--Jim

Susan said...

I'm all for celebrating the return of light - a week early!

Sooo-this-is-me said...

I'm counting down the days until the light returns. I was driving home yesterday and the sun was dropping behind the trees, the dashboard clock was reading 3:39 pm, I groaned out loud, "oh give me a break"! Longer days can't come soon enough.
Thanks for the history/culture lesson as I was not aware of most of this.

Joanne Noragon said...

Thank you; it's interesting to learn the ins and outs of the christian "take over". I only ever knew that after the solstice, I got an extra minute or two of daylight every year. I'm not too sure about celebrating it a week before; it's difficult enough anticipating it.

forsythia said...

Always wondered why Santa Lucia's day is Dec 13th, and now I know. Thanks.

e said...

I believe all cultures celebrate the return of the light in one way or another, especially those further north. Day length is measurable and so important! I'm not as far north as you, Debra, but here the clouds and rain darken the skies as well. The Solstice is one of the most meaningful days of my calendar. I'll be celebrating Sankta Lucia on her proper day, not the superimposed Christian day. Bring back the Light!

Magic Love Crow said...

This is so beautiful Deb! Thank you for the history lesson! Wishing you joy and light today!
I have to admit, I do like the dark. There is something peaceful to me about it.
Big Hugs!

Lisa said...

You have to understand that we have no feast days of our own. We have to steal them from others and customize them to our doctrine. And we do it oh, so well...:0)

Adam said...

History has been long participant in the war on Christmas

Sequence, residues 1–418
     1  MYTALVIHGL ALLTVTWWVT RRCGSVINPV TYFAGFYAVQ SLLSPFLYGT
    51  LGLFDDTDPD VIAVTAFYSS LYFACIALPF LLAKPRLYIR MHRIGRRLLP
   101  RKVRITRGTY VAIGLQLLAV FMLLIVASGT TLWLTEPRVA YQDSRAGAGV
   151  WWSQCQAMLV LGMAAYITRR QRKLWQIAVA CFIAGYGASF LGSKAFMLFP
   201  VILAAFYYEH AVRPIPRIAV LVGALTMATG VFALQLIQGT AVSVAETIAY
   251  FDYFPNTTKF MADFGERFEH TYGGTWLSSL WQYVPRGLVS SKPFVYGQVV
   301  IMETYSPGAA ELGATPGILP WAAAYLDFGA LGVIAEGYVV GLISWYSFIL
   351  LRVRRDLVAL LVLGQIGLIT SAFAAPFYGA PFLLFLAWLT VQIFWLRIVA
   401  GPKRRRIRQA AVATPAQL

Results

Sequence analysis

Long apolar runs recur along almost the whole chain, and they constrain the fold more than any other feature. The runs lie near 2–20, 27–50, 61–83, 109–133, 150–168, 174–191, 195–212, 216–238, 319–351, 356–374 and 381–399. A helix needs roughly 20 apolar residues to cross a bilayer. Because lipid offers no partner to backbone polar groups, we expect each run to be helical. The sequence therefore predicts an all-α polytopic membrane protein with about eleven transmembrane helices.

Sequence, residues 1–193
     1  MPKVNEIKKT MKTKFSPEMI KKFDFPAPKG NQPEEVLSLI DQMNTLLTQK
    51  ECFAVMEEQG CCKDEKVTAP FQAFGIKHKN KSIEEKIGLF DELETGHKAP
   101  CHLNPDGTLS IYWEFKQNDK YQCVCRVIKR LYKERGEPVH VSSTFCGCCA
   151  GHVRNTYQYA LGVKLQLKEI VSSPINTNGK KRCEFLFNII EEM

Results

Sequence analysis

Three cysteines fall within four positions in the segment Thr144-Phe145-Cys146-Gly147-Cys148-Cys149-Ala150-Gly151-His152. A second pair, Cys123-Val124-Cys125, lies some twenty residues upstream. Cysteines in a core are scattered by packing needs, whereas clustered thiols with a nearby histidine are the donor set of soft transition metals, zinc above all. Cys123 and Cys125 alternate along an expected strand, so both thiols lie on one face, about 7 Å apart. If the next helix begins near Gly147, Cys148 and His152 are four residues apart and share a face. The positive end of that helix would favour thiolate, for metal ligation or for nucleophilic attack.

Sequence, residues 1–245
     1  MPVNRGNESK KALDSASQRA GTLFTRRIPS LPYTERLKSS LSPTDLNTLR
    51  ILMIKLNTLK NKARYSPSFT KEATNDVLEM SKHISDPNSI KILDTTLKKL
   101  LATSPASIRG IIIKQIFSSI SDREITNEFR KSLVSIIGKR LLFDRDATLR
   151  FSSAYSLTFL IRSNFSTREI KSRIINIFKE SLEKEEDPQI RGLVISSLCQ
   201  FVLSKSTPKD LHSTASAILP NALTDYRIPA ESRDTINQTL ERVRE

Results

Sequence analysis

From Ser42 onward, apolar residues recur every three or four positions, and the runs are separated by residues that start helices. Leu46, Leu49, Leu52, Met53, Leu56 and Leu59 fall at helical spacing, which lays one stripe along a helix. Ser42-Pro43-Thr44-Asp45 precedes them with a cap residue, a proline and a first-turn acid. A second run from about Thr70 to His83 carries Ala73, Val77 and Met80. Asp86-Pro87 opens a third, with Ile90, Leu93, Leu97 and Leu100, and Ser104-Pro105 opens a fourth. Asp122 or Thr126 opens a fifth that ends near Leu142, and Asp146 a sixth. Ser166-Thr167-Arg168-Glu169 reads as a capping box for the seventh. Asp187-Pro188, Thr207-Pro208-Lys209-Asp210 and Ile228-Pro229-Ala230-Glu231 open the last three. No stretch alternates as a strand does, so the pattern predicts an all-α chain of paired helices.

suck it Fox News

Leeanna Henderson said...

It's so sad that religion took the most beautiful winter holidays and moved them for their own benefit. It really sucks but it's true.

Guillaume said...

Oh I totally forgot about Saint Lucy! Shame on me. I have spent the last weeks reading Norse mythology. More funny anecdote: we had a Swedish student who came to visit my family for a year, I call her my Swedish sister. Well, she taught us a lot about Saint Lucy and gave us a few round candle holders that are apparently used for her Feast. But she also baked the saffron buns you mention! We used to eat lots of these and were parts of our snacks between two games of Dungeons & Dragons. Gosh the memories!

Guillaume said...

I wish I had seen that post earlier. I blogged about something else, but Saint Lucy would have been a nice topic. Oh and I might have a future post this weekend (hopefully) that you will find interesting.

Barbara said...

I've always thought Santa Lucia was such a lovely idea. All those gorgeous northern girls with candles in their hair. I am an equal opportunity Holiday lover.

LL Cool Joe said...

Coffee and saffron buns? I'll celebrate those! :D

Toni said...

It's so interesting how a religion can come in to evangelize and part of recruitment is merging cultural icons and holidays into the religion to make it more relevant!